Would you blacklist whole family of an evicted tenant?

12 Replies

This is a bit of a hypothetical, but I'm starting to think it's going to happen at some point. It's also a funny story. :)

I'm currently in the middle of evicting one of my tenants, Nora Jerk. Nora is a single lady with a young daughter. Nora has an identical twin sister, Cora Jerk, who also has a young daughter. (Names changed, but yes, they are identical twins with rhyming names!) Nora works a lot, so Cora is often at the property watching both girls. Or maybe it's Nora. To be honest, Cora could tell me she was Nora and I wouldn't be able to tell. They look that much alike. I would definitely not put it past Nora for her to use it to her advantage, for instance by saying "I never got that notice, you must have given it to my twin while she was here."

Since I can't tell Nora and Cora apart, and I'm evicting Nora, I'm considering blacklisting Cora too. And then I thought, well, at that point I really shouldn't take anyone from the Jerk family. I don't think that "being closely related to at least one jerk" is a protected class, so I think I'm in the clear legally.

But the community I live in so tight-knit, that I might just want to make that a policy for all family members of an evicted tenant. I think it'll come up again in the future. (For added context, Jim lives on the other side of the duplex, and Jim's sister has already said she'd like Nora's unit when it's ready. Lots of families stay right in this town forever, and word of good landlords spreads quickly.)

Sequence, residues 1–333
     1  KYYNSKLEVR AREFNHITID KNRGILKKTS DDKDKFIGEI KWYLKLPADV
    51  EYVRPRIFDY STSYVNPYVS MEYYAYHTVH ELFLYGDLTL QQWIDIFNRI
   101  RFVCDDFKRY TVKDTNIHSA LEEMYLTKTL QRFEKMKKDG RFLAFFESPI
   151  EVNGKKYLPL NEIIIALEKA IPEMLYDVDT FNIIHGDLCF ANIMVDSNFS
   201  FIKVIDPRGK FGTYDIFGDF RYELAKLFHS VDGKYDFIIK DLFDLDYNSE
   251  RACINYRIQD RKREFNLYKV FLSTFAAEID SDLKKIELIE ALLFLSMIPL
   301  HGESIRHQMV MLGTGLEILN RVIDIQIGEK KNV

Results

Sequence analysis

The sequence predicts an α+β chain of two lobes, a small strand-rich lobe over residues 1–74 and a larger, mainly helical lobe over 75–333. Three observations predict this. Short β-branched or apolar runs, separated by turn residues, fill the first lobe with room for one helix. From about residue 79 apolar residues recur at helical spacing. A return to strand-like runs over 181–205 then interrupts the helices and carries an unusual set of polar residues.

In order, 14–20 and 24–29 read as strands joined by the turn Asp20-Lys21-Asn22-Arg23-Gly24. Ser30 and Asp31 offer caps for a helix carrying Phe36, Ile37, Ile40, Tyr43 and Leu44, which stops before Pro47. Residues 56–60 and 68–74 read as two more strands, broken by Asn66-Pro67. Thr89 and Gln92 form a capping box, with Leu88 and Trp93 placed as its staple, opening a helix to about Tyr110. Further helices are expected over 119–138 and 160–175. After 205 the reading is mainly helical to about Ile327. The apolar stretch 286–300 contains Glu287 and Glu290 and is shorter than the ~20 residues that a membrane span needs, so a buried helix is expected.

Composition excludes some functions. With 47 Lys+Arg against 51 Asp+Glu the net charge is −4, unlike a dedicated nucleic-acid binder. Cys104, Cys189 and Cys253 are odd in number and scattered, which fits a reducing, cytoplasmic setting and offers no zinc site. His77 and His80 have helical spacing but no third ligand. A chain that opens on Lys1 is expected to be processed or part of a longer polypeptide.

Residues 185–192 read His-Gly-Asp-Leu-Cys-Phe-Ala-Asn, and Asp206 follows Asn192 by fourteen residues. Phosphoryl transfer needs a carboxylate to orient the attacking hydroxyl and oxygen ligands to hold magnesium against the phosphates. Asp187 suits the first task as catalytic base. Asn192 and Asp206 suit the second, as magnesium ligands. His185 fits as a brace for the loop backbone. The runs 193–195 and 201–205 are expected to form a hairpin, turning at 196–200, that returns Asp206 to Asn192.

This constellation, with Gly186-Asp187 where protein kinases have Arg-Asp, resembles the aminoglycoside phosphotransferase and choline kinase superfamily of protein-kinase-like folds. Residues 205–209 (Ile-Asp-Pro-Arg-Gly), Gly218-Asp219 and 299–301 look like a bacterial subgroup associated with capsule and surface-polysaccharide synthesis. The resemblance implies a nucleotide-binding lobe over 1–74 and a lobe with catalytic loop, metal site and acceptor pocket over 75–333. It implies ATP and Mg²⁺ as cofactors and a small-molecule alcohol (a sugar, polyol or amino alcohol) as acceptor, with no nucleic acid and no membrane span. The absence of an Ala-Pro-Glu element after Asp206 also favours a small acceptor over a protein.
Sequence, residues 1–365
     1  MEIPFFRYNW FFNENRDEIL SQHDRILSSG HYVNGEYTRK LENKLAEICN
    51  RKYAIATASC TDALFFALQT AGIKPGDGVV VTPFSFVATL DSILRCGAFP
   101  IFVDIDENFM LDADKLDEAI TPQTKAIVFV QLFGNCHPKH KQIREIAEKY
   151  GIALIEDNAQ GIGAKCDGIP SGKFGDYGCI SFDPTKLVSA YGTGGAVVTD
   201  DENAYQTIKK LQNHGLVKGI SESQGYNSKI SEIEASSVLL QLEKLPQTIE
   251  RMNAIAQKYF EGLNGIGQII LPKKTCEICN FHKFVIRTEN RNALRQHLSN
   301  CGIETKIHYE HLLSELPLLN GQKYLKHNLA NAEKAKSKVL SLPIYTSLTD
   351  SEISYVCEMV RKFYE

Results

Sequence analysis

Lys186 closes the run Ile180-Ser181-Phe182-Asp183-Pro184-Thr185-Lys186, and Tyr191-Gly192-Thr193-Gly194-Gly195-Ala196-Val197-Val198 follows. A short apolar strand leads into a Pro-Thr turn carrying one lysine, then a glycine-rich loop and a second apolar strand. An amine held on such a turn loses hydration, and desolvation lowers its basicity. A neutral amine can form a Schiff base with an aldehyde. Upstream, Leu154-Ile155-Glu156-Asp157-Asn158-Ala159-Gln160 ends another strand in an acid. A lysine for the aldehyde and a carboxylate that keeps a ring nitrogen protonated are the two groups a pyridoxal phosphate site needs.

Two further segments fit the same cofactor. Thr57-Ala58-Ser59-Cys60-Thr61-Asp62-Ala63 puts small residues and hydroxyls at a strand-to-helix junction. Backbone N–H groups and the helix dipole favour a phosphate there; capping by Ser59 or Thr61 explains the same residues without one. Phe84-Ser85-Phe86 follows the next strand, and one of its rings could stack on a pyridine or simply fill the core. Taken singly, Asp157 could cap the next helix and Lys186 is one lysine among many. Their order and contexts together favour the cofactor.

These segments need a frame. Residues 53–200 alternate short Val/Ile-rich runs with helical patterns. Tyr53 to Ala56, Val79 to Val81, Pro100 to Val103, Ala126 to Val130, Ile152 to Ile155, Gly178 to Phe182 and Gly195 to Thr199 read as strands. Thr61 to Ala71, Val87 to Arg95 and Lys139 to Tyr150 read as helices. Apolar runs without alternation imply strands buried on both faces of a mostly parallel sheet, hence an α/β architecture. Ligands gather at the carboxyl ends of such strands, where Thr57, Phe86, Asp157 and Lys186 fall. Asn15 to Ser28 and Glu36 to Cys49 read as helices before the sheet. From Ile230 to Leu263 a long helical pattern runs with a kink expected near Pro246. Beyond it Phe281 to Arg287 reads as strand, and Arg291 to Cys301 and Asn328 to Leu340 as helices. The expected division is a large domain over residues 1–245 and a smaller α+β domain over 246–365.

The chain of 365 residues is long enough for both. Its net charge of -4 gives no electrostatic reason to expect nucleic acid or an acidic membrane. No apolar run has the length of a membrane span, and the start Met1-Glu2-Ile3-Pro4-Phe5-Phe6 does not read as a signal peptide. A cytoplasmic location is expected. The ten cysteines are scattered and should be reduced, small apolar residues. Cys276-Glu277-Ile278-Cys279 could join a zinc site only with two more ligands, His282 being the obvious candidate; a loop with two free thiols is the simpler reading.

What would you do? If you've evicted someone, would you accept one of their family members as a tenant?

@Gwen Fyfe ,

If they are both on the lease, whether you give it to Nora or Cora doesn't matter, as long as you have proof it was delivered.    One thing we like to do with pay or quit notices, is post it on the door, and then take a picture and email it to them, so there's no question of it they are aware.. but that's state law specific too ..

Anyhow, I say trust your gut..   you don't have to rent to anyone.. and pick the best applicant.      Part of screening IMO is putting together someone's puzzle pieces together, and trying to project their story and most importantly-- how will they pay rent!    We had 1 mother/daughter/granddaughter apply, and the mother was the sweetest lady, clean slate, hard worker.. but her daughter (30), well recently on her I think 4th eviction last month, and quite possibly the worst history I've ever seen,  so we denied them- it was obvious this lady had no respect for anyone, and would likely soon be screwing over her own mom,  and her mom couldn't pass by herself so.... with your example, yes, we have decided against someone based on the entire application.     

I will say, if it's a single applicant, we would base our decision 100% based on them, as we always view job history and rental history as the most important factors.      Some people are the black sheep... I would still  absolutely due M2M just to be on the safe side if something goes south.